Sep 2008 Journal

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Letter from Israel

The problem of acute cognitive dissonance
Hardly surprisingly, a recent survey found that most Israelis have little confidence in the country’s political leadership. They have slightly more confidence - but still not much - in such institutions as the courts, the police, and the attorney general’s office. The current president, Shimon Peres, is perceived as being better than his predecessor - though, again, coming hard on the heels of a serial sexual offender, that can hardly be difficult.

So whom do Israelis trust? The answer - the IDF and the media - is rather strange for someone brought up to believe in the inherent benefits of the democratic system. It is true that Israel’s communications media, both printed and electronic, invest a great deal of time and effort in endeavouring to show the true face of the country’s leaders. But that is just another facet of what journalists the world over do, whether genuinely in search of the truth or in order to boost circulation or ratings. After all, scandals are good for sales, and the juicier the better.

The IDF, for its part, is one of the great levellers in Israeli society. It takes in a large proportion of the country’s 18-year-olds, trains them in a variety of skills, gives them responsibility, and in many cases enables them to overcome the disadvantages of an underprivileged background. Not all Israel’s soldiers serve at the front, and many emerge after three years of service as mature, well-rounded individuals.

Israelis have always been fairly cynical about their politicians. When I first came to Israel, in the sixties, the epitome of corruption was one Kalanter, whose name had become a synonym for political dishonesty. The gentleman had had the temerity to cross the floor of the Knesset and join a different political party, apparently for personal gain. No one bothered to point out that no less a personage than Winston Churchill had done pretty much the same (he moved from the Conservatives to the Liberals in1904, and back again in 1924), though for loftier motives. How tame the opprobrium attached to ‘Kalanterism’ seems today, when party allegiance is as stable as the latest opinion poll results.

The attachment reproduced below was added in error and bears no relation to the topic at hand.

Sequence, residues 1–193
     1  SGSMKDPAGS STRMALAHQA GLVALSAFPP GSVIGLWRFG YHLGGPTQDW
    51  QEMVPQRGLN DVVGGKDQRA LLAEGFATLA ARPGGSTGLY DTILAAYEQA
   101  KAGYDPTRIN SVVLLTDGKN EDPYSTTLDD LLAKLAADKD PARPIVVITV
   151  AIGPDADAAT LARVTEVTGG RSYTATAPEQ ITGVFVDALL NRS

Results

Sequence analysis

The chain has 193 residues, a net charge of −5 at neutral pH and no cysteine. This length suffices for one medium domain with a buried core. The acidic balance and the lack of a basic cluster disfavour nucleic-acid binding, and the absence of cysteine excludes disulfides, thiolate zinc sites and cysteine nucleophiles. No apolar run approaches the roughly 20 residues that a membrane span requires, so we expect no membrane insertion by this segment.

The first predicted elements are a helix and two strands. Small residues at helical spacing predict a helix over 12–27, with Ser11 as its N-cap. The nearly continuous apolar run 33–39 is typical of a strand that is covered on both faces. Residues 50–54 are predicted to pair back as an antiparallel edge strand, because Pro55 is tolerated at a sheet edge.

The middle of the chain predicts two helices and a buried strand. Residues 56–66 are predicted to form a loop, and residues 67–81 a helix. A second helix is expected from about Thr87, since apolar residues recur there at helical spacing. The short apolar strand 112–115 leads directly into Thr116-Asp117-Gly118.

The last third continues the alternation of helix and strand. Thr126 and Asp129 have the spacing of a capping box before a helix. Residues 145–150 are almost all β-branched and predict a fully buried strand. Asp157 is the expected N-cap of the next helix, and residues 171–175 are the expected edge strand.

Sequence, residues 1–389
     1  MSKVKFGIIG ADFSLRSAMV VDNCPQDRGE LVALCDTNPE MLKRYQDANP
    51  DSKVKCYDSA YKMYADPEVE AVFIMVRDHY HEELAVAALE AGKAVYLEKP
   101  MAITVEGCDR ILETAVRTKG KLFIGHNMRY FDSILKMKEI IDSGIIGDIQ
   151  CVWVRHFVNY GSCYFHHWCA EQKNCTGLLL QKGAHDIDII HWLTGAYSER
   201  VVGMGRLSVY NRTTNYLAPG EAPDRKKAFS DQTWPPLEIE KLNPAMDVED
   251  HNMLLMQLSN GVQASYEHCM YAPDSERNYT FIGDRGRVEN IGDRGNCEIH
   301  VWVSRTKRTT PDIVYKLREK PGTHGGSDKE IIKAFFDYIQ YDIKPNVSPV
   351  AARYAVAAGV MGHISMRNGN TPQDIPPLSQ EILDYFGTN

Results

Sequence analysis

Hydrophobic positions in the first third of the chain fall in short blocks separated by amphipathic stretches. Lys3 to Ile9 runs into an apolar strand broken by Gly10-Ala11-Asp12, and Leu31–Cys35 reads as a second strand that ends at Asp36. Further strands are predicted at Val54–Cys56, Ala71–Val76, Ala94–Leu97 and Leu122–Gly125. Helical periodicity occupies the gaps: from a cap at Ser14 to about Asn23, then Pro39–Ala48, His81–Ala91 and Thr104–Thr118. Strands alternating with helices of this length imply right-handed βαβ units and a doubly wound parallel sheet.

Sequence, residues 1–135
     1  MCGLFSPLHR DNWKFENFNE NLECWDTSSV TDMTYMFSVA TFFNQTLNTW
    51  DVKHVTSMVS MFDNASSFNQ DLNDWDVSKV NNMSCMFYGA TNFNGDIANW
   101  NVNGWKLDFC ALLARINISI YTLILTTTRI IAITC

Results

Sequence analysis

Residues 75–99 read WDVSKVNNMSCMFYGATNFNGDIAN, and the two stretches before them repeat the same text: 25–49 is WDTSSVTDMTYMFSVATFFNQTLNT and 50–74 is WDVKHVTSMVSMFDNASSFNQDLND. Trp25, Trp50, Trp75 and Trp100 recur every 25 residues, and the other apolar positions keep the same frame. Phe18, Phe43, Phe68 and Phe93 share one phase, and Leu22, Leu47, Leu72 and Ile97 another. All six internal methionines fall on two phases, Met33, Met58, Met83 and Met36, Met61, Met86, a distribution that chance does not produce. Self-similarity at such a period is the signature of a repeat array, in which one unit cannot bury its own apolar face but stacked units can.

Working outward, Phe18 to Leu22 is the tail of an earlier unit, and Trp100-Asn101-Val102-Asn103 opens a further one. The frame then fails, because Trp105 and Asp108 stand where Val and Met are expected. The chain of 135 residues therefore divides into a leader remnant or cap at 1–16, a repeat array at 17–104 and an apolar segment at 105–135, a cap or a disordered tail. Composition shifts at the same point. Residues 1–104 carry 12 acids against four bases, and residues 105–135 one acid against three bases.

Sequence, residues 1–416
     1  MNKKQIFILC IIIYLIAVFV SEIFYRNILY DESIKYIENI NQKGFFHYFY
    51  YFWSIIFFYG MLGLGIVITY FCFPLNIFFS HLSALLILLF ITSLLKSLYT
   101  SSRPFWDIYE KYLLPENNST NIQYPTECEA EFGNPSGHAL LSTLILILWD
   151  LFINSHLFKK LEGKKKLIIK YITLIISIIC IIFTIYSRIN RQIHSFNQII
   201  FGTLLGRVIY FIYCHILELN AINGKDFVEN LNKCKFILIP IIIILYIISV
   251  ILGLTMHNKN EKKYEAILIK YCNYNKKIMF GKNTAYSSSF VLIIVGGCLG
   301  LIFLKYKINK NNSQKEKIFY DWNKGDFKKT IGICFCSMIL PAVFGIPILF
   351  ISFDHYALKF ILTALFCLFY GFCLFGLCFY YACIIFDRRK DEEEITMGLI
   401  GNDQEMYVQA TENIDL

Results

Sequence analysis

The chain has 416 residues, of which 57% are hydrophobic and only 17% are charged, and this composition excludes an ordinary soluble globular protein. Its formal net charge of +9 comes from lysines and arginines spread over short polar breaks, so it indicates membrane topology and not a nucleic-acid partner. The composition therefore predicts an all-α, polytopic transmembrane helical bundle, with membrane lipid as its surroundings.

In Israel today you cannot open a newspaper or watch the news on television without being regaled with tales of the latest bribe-taking scandal, sexual offences or political shenanigans of Knesset members, cabinet ministers, religious leaders, income tax officials, bankers, civil servants, industrialists or members of the legal profession. If you are planning to become a public figure, expect to have salacious details of your finances and/or your private life held up for public display.

Israel’s political system is inherently flawed, its system of proportional representation inevitably preventing any party from gaining a clear majority. A system of government based on coalitions provides ample room for political blackmail. England’s system of regional representation has its drawbacks, but at least you generally have one clear winner.

High school students in Israel have to pass an exam in Civics in order to obtain their full Bagrut (school-leaving certificate). Students are required to prove their familiarity with Israel’s system of government, legal system, social institutions, demographic makeup and history.

I don’t envy anyone who has to teach that subject. The theory is so far removed from actual practice that a clash between the two in the classroom is inevitable. Israel’s political system undoubtedly needs a thorough overhaul. I suspect that what eventually happens is that the students, who are in their last year or two of high school and about to go into the army, suffer from acute cognitive dissonance. One way of coping with this is to become cynical, and that doubtless explains the results of the survey.

Dorothea Shefer-Vanson

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